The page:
Legal Supervision and Enforcement
Under the laws of the State of Israel as expounded by Israel’s Supreme Court, the IDF is bound to conduct its operations in accordance with International Humanitarian Law (IHL).6 This obligation is reflected in IDF General Staff Regulation No. 33.0133.7 This means that IDF personnel are obliged to follow the provisions of IHL as they relate to the protection of civilians from the effects of armed conflicts. This commitment to IHL is not dependent on the adversary’s reciprocal compliance with IHL. Thus, in the conflict with Hamas, Islamic Jihad and other terrorist groups, the fact that these organizations flagrantly flout international norms does not exempt the IDF from abiding by them.
Under the laws of the State of Israel as expounded by Israel’s Supreme Court, the IDF is bound to conduct its operations in accordance with International Humanitarian Law. The fact that Hamas and Islamic Jihad flagrantly flouted international norms did not exempt the IDF from abiding by them.
In broad terms, this means that the IDF may only launch attacks against military objectives and that civilians and civilian objects may never be deliberately targeted. It also means that the “collateral damage”8 expected to ensue from an attack on a military objective must not be excessive in relation to the anticipated military benefit of the attack. It also requires the IDF to adopt all feasible precautions to minimize the risk to civilians from an attack.
Failure to abide by the above requirements constitutes a violation of IHL and consequently a violation of Israeli law for which perpetrators are liable for prosecution.
The State of Israel has a highly developed state apparatus for legal supervision and enforcement to ensure that its armed forces abide by IHL.
The Military Advocate General’s Corps (MAG) of the IDF provides expert legal advice and training on IHL to IDF commanders. Instruction in IHL is provided by the IDF’s School of Military Law, while legal advice is given to the General Staff level down to Division level by military lawyers from the IDF’s International Law Department.
The MAG is also responsible for initiating criminal investigations and prosecutions in the event of suspected violations. It is important to note that in all professional matters, the MAG is not subject to the IDF chain of command and has full independent discretion. The MAG may order a criminal investigation into any incident involving a suspected IHL violation. Such a decision may be taken based on the complaint alone or on the factual findings of an operational debriefing. Trials of IDF personnel accused of misconduct take place in independent military courts.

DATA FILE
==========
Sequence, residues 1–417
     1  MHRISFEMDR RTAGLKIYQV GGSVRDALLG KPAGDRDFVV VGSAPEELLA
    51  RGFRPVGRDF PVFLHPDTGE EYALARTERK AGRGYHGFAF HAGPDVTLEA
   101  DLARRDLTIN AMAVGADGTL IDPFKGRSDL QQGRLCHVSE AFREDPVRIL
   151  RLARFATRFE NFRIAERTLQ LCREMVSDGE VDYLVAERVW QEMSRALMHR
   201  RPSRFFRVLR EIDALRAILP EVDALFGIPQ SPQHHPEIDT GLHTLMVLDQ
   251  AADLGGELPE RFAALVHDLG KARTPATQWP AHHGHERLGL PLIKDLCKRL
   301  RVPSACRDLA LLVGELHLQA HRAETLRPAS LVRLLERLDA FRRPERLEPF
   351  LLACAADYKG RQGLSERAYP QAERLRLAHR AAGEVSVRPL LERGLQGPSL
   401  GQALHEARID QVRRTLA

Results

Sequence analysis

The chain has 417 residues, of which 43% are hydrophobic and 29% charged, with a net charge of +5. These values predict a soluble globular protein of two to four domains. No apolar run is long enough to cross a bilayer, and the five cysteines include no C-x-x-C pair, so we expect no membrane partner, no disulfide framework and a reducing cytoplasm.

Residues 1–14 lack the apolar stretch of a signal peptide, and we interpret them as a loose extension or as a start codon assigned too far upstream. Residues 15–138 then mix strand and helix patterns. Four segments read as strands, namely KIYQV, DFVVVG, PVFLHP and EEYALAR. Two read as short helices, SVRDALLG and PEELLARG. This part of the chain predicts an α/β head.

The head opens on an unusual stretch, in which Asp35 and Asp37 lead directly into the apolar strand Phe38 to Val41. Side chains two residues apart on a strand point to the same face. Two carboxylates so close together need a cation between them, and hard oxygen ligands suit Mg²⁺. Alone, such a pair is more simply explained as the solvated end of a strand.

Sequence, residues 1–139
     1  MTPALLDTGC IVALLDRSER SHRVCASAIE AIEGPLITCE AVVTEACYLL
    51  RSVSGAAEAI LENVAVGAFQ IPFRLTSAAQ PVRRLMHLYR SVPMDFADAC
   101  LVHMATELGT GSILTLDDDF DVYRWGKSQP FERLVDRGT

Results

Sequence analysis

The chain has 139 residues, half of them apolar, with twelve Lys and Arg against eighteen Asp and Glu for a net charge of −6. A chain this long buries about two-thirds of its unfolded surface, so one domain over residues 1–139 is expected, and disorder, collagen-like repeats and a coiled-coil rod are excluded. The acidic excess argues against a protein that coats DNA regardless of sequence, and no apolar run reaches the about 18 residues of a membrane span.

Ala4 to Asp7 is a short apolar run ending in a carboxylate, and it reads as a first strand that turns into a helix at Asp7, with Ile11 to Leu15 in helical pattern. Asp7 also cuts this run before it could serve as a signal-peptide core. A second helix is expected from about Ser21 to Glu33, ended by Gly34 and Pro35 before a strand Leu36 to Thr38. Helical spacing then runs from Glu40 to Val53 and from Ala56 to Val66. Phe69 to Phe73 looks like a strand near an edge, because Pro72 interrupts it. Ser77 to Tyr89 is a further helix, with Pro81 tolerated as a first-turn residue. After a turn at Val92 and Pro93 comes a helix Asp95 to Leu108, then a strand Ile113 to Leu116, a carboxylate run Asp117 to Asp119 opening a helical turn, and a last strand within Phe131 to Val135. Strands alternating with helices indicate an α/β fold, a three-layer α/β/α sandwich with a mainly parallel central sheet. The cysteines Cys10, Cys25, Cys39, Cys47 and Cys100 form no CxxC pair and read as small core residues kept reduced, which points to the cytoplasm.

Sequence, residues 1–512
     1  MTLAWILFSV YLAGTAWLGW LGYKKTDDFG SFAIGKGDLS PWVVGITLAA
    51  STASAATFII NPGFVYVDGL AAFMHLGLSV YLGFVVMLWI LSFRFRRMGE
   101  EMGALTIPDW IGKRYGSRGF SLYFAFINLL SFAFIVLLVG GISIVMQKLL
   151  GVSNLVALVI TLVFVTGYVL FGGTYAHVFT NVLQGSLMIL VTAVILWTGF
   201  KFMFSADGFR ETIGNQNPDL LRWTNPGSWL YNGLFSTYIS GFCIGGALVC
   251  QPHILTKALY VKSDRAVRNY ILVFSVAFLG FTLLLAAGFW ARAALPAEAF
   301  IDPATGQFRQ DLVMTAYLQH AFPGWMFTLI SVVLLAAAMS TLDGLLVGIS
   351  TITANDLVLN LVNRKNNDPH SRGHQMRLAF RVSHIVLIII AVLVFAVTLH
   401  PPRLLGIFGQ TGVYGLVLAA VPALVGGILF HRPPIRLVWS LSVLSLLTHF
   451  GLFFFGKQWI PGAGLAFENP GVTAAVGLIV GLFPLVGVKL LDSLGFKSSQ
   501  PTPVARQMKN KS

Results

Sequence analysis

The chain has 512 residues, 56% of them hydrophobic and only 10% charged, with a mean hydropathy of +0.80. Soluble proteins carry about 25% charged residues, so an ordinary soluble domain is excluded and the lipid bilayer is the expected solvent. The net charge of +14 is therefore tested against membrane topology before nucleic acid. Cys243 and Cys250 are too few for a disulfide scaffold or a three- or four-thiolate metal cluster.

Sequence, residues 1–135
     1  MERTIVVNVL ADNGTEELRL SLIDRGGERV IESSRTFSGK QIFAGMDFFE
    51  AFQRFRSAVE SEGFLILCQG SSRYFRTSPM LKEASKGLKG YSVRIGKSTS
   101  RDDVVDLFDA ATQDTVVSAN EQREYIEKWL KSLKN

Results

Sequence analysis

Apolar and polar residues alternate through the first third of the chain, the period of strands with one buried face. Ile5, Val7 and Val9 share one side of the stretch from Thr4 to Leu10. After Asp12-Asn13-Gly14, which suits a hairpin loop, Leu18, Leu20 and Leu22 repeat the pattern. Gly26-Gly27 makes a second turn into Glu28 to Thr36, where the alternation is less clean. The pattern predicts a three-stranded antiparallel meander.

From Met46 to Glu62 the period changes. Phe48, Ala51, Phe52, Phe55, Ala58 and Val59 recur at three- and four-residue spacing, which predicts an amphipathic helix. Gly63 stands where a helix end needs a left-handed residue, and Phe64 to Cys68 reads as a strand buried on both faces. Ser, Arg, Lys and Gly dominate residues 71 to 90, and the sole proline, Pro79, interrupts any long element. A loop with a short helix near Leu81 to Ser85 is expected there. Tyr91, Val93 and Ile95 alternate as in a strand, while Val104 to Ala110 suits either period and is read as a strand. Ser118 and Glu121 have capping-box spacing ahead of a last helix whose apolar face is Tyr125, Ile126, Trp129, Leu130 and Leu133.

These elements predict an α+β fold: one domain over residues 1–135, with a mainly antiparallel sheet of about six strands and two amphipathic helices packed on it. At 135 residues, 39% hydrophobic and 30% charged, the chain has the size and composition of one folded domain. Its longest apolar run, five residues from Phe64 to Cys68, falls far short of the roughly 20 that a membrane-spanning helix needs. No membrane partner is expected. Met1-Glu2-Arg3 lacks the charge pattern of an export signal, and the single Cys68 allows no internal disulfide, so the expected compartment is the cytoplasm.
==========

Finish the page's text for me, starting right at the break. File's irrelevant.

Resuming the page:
The MAG in turn is subject to the supervision of the civilian Attorney-General of the State of Israel who has the power to overrule the MAG if he/she deems it necessary.
The entire government apparatus, including the IDF, is subject to judicial oversight by the Israel Supreme Court. The rules of standing and justiciability are such that anyone, including Palestinian residents of the Gaza Strip or human rights NGOs, can petition the Court to intervene in any act of government on the basis that the act is unlawful. This includes military operations as well as decisions on whether an investigation or prosecution is warranted in a particular case. The depth and breadth of judicial oversight of the military by the Israel Supreme Court has no parallel anywhere in the world.
The depth and breadth of judicial oversight of the military by the Israel Supreme Court has no parallel anywhere in the world.
In 2012, the “Turkel Commission,” established to examine, inter alia, Israel’s mechanisms for examining and investigating complaints and claims of violations of the laws of armed conflict, published its report. The Commission, comprised of a former Supreme Court justice and senior Israeli jurists, with a prominent Irish diplomat and a former Judge Advocate General of Canada as observers, found that, on the whole, the Israeli investigation mechanism described above is consistent with Israel’s international legal obligations. It also made several recommendations for improving the system. Central to the Commission’s recommendations was the establishment of a fact-finding assessment mechanism, composed of experts in military operations, international law and investigations, outside the operational chain of command, which would be able to provide the MAG with as much information as possible within a short time-frame regarding incidents involving possible violations of IHL.9